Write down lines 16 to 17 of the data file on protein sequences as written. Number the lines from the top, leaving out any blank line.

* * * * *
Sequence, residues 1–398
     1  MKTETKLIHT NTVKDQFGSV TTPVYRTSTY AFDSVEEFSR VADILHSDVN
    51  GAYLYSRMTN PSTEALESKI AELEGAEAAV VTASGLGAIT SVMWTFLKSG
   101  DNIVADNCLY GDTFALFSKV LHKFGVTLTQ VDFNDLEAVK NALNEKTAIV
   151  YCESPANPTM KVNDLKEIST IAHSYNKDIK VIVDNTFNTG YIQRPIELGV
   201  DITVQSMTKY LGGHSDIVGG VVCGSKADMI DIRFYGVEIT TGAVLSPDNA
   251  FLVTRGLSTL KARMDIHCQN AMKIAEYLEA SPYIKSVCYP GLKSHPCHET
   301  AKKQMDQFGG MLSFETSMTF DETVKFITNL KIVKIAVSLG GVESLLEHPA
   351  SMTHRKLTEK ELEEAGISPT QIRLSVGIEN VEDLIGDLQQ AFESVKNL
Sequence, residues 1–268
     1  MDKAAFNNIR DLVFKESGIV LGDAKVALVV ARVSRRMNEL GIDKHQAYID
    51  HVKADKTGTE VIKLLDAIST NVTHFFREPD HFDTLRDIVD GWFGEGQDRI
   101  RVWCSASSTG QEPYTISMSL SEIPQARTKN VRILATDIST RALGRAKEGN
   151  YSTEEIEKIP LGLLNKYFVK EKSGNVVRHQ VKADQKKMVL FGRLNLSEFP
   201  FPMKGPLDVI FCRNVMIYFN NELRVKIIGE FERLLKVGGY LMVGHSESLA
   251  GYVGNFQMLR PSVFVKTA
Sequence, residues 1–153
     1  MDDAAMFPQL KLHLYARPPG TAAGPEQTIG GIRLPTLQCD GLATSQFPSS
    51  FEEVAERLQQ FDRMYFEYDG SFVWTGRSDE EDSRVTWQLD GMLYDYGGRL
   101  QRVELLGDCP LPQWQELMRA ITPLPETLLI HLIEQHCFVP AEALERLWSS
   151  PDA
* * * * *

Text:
   251  GYVGNFQMLR PSVFVKTA
Sequence, residues 1–153